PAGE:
Respect and Gratitude to the Base of the Pyramid

One of the most important geometric shapes in lean management is the inverted triangle. Pyramids are commonly used to represent an organization chart. The boss is at the tip of the pyramid, with senior leaders immediately below, and the rank-and-file following. The wide base represents the frontline workers who have the least power and authority in the traditional organization. They are the ones who know what’s really going and do most of the work.

This inverted triangle represents a revolution in how we think about the role of leadership. Traditionally, control and power are top-down. In lean thinking we acknowledge that there is great potential to engage the minds of the people at the base of the pyramid. Lean thinking also recognizes that the role of leaders is to enable, coach, support and serve the entirety of the organization. Lean management principles, systems, structures and routines are designed to empower frontline people to do their best work, and to put leaders in roles of enabling this.

These past few weeks have been a humbling reminder how much we depend on the people at the base of the pyramid to make civilized daily life possible in our modern world. We don’t value, respect and recognize the people enough. While many knowledge workers including myself practice social distancing and work from home, men and women of the postal service continue to deliver. Garbage is being picked up from our streets. Drivers continue to pick up and deliver goods. People stock groceries and keep supermarkets open. Power company employees keep the lights on. City services such as police, fire and sanitation keep our streets free of chaos. Nurses continue to deliver hands-on care, even in the face of increased risk.

Readers who are not currently affected by local or state-wide shelter-in-place orders, curfews or lockdowns may not appreciate this sentiment. Yet.

People at the top of the pyramid are not so useful when it comes to the day-to-day mechanics of keeping our civilized society functioning. At best, they can support by listening to the people at the base of the pyramid and providing the resources and conditions to keep them safe, productive and able to do their jobs. Often the lower-paid workers are facing greater risks today, on behalf of the rest of society. It’s humbling to realize that in our daily lives, we fail to see, to get to know as individuals, or to adequately show appreciation to the people who do these foundational jobs.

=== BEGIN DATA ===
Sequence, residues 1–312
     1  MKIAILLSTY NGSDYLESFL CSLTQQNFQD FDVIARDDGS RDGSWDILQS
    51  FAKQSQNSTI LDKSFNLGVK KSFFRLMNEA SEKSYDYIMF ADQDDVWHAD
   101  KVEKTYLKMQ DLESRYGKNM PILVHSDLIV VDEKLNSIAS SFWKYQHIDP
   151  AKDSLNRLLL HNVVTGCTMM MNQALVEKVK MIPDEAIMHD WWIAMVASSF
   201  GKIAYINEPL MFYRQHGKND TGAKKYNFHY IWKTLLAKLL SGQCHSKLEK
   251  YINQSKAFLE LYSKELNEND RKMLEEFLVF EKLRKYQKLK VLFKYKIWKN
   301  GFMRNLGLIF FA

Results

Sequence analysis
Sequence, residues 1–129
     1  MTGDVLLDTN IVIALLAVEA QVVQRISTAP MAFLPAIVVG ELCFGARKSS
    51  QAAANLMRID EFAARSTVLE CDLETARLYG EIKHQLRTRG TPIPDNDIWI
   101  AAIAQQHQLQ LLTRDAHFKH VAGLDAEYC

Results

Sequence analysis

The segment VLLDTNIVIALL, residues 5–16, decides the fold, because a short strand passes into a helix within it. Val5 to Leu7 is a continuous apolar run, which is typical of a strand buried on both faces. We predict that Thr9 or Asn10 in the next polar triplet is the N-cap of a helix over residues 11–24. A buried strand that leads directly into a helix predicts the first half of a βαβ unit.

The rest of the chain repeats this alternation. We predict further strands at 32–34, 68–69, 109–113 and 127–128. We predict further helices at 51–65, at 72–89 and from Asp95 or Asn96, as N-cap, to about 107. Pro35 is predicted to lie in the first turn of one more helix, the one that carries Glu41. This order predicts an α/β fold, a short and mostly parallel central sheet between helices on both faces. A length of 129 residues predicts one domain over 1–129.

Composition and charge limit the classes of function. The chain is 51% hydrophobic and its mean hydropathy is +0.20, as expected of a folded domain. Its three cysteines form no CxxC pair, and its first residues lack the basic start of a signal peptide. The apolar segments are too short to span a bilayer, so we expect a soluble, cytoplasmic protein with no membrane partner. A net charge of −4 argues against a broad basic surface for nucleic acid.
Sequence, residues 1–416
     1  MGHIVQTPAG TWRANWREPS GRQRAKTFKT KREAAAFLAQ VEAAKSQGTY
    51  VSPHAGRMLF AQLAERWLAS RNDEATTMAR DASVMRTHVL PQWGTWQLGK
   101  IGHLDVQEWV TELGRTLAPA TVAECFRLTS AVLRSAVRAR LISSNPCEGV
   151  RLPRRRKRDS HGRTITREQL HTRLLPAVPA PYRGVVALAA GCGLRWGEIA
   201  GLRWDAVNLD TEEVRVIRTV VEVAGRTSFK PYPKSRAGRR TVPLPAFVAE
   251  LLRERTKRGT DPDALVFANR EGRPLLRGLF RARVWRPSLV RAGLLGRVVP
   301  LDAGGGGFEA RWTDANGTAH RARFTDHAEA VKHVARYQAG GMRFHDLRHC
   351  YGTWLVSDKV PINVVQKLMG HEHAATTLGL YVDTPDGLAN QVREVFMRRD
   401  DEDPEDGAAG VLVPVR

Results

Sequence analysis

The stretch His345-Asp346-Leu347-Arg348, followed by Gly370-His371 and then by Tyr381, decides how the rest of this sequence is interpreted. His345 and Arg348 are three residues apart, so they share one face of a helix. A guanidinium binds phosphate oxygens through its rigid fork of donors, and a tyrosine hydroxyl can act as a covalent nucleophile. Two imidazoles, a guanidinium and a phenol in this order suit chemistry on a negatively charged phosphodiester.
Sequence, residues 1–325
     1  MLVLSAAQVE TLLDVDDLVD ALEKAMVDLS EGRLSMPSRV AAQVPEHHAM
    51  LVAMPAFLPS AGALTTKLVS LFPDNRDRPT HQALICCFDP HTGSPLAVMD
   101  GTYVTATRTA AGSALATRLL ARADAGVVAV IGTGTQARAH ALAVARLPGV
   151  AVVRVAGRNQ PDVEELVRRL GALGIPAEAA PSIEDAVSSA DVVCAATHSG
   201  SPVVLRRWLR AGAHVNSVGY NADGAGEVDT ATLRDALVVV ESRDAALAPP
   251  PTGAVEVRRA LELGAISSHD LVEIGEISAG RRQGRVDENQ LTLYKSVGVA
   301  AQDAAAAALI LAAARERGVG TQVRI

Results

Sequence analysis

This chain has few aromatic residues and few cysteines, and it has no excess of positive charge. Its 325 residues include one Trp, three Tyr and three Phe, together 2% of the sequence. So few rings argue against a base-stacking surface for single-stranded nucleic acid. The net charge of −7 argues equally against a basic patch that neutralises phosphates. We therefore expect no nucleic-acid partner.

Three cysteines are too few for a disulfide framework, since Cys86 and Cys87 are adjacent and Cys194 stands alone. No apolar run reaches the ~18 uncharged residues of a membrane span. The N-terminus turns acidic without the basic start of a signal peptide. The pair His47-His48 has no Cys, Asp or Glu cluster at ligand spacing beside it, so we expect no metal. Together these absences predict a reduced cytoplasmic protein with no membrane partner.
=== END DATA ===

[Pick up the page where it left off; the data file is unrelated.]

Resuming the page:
We have an opportunity to reflect on this, to express more gratitude and respect to our grocers, delivery truck drivers and other frontline workers. If we can apply this new habit to broader society, we can surely bring renewed respect for people back to our workplaces, as things return to normal.

This reminded me of another revolutionary idea that seems more reasonable with each and every implausible day. British philosopher and social critic Bertrand Russell argued in his essay In Praise of Idleness that we would be better off if we placed less virtue on work and its rewards, and instead organized society around  time spent being happy

First of all: what is work? Work is of two kinds: first, altering the position of matter at or near the earth’s surface relatively to other such matter; second, telling other people to do so. The first kind is unpleasant and ill paid; the second is pleasant and highly paid. The second kind is capable of indefinite extension: there are not only those who give orders, but those who give advice as to what orders should be given. Usually two opposite kinds of advice are given simultaneously by two organized bodies of men; this is called politics. The skill required for this kind of work is not knowledge of the subjects as to which advice is given, but knowledge of the art of persuasive speaking and writing, i.e. of advertising.

Many of us have heard or read the quote central to this idea, that there are two kind of work: moving stuff, and telling people to move stuff. The bigger idea is that Russell believed that distributing work more equitably across everyone in society would shorten our workdays, lower unemployment, increase leisure time, elevate culture, and result in greater overall human happiness. What would it take to do this? For starters, we would need a much broader method for asset valuation than shareholder return via EBITDA growth. We’ll have to rebuild the economy after this COVID-19 shock anyway, so why not?

1 Comment

  1. Mário Leston

    March 26, 2020 - 3:45 am
    Reply

    With this article, well writen, I can imagine an orquestra playing by then self

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